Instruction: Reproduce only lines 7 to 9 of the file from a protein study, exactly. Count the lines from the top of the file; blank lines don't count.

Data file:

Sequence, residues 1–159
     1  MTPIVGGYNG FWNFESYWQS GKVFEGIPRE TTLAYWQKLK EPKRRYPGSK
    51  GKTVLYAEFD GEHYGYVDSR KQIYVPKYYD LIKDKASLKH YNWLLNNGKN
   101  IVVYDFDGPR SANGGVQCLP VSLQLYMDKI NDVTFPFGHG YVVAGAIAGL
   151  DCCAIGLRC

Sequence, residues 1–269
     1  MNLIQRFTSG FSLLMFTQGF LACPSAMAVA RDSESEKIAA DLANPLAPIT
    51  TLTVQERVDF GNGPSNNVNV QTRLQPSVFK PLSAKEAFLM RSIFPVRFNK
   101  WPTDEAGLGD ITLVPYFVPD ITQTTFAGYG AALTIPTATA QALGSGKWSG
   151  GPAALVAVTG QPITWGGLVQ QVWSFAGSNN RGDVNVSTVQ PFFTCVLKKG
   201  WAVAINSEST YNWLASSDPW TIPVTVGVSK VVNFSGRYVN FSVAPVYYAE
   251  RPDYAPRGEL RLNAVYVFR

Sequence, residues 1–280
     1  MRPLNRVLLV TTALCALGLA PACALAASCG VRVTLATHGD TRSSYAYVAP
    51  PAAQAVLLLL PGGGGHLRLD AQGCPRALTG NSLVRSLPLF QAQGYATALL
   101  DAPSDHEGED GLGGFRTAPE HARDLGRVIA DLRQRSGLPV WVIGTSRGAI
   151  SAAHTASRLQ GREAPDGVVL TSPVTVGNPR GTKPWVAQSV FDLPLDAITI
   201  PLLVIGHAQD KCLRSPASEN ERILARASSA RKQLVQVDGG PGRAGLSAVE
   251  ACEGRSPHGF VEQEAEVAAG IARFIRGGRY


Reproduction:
     1  MNLIQRFTSG FSLLMFTQGF LACPSAMAVA RDSESEKIAA DLANPLAPIT
    51  TLTVQERVDF GNGPSNNVNV QTRLQPSVFK PLSAKEAFLM RSIFPVRFNK
   101  WPTDEAGLGD ITLVPYFVPD ITQTTFAGYG AALTIPTATA QALGSGKWSG